Internally Displaced Persons and Emergency Management in Nigeria: Management of Internally Displaced Persons Nigeria

Internally Displaced Persons and Emergency Management in Nigeria: Management of Internally Displaced Persons Nigeria

Franca Chitoh Attoh (University of Lagos, Nigeria)
DOI: 10.4018/978-1-5225-3194-4.ch006
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Abstract

Internally displaced persons (IDPs) are men, women, and children who are uprooted from their ancestral homes as victims of natural disaster or manmade occurrences for reasons often beyond their control and comprehension. The Boko-Haram insurgency in the North-East of Nigeria has caused over two million Nigerians to be internally displaced. The crisis has created management problems for the National Emergency Management Agency (NEMA) due to paucity of funds. Secondary data and human needs theory were used for the analysis. The incessant use of improvised electronic devices has created a security lacuna in the IDPs camps, which have become targets for terrorists. The concomitant is confidence deficit between the IDPs and NEMA resulting in accusations of neglect and corruption. The chapter concludes that the failure to manage IDPs is tantamount to human rights abuse and security lapse.
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Introduction

Since the return to civilian rule in 1999, thousands of people have been killed in recurring inter-communal clashes and politically motivated violence that have also caused large waves of displacement. Clashes over natural resources in the country’s oil-rich Niger-Delta and the displacement they caused have declined significantly since the government granted an amnesty to militant groups in 2009. However, ethno-religious conflicts have been on the rise especially in Southern Kaduna and the ubiquitous herdsmen have been on the rampage killing and maiming farmers in a bid to graze their cattle in both the South-east and North-central states especially Agatu in Benue state.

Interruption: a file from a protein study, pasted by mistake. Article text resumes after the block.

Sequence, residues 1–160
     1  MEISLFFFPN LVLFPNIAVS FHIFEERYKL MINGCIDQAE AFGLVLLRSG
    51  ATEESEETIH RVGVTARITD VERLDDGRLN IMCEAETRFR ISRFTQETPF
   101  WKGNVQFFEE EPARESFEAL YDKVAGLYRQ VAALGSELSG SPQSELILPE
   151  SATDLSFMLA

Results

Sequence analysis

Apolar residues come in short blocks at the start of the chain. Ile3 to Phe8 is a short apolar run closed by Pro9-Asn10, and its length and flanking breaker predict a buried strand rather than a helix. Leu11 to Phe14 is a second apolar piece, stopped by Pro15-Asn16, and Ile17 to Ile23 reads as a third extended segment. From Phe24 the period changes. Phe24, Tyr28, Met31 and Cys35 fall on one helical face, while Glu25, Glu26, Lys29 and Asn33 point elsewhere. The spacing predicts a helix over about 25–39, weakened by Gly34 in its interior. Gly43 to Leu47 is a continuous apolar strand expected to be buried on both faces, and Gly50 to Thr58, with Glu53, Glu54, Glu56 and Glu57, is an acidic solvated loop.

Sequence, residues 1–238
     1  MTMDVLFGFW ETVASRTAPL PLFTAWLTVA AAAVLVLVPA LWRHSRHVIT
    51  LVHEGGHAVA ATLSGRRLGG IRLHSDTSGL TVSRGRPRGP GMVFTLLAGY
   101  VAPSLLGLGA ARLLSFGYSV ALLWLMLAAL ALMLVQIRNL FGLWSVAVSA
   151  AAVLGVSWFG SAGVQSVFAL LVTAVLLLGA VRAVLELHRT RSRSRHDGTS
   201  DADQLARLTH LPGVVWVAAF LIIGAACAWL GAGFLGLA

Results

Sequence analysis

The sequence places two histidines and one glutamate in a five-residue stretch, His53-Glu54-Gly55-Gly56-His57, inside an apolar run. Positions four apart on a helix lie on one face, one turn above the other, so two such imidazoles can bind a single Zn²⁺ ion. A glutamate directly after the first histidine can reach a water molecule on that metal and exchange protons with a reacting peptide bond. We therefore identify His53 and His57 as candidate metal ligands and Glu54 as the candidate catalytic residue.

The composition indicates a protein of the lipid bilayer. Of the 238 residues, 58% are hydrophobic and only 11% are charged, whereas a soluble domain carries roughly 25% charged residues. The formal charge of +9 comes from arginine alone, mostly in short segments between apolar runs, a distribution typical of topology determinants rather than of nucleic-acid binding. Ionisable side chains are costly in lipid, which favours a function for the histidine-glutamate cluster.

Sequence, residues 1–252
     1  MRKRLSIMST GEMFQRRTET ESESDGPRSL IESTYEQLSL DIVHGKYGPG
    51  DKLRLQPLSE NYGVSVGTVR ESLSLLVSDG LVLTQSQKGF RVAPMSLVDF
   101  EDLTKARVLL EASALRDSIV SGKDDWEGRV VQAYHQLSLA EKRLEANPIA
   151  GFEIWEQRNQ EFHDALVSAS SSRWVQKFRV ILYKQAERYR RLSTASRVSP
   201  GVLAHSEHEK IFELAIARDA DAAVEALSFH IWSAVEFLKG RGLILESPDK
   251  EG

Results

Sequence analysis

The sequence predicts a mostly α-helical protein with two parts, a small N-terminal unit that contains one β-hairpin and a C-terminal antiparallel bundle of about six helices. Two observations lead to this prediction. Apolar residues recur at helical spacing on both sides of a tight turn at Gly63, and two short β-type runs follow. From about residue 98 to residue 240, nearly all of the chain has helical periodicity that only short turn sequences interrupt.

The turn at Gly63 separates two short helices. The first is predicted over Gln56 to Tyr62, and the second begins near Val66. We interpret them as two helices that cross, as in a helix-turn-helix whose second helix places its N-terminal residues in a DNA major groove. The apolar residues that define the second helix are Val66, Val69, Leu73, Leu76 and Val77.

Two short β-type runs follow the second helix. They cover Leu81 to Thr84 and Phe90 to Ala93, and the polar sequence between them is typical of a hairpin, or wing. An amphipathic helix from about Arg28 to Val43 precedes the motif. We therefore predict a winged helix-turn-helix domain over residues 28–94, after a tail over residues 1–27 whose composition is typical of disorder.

Many of these conflicts are politically, ethnic and religiously motivated. For instance, the conflict over Sharia law in Kaduna in 2000 and the 2001 clashes in Jos, the capital of Plateau State, which led to the displacement of thousands of people. Also, the victory of former President Goodluck Jonathan in the April 2011 election fuelled violence, having religious and ethnic undertones, which led to the displacement of around 65,000 people (Campbell, 2014). Violence between nomadic herdsmen who are seen as settlers and Christian farmers, who are seen as indigenous citizens, led at least 40,000 people in the Middle Belt region, to flee from their homes in 2012.

Information on the military and humanitarian situation in all three states in the north was scarce, as the government suspended mobile phone networks in an attempt to disrupt communication between the militants. This made information about the displaced people in these states inaccessible but as at 18 June, 2013, more than 9,000 people had fled the north-east to neighbouring countries like Cameroun, Niger and Chad.

In the context of mass poverty, unemployment and inadequate law enforcement, Boko-haram has gained support by playing on people’s frustrations and using religion to further its ends by recruiting many young men and women into its fold resulting in the sacking of many villages and more displacements. In addition, forced evictions have forced more than two million urban Nigerians, mainly slum dwellers and other marginalized people to be forcibly evicted from their homes since 2000, most notably in Abuja, Lagos and Port Harcourt. Evictions are sanctioned by state governments and carried out in the name of security and urban renewal, but they have taken place without adequate consultation, notice, compensation or offers of alternative accommodation resulting in displacement (IDMC, 2014).

Internally displaced persons face a range of threats to their physical safety and restrictions to their freedom of movement as shown by the May, 2013 military crackdown in three north-eastern states. A preliminary UN Children’s Fund (UNICEF) assessment mission to Gombe State found that IDPs were forced to pay fees to pass through checkpoints. The fact that IDPs do not carry ID cards when on the move can complicate their flight further, even though most Nigerians do not have such documents. The chapter interrogates the phenomenon of internally displaced persons in Nigeria and the effectiveness of NEMA in managing this national crisis. It equally aims at suggesting ameliorative measures to ensure that IDPs are managed in line with global best practices.

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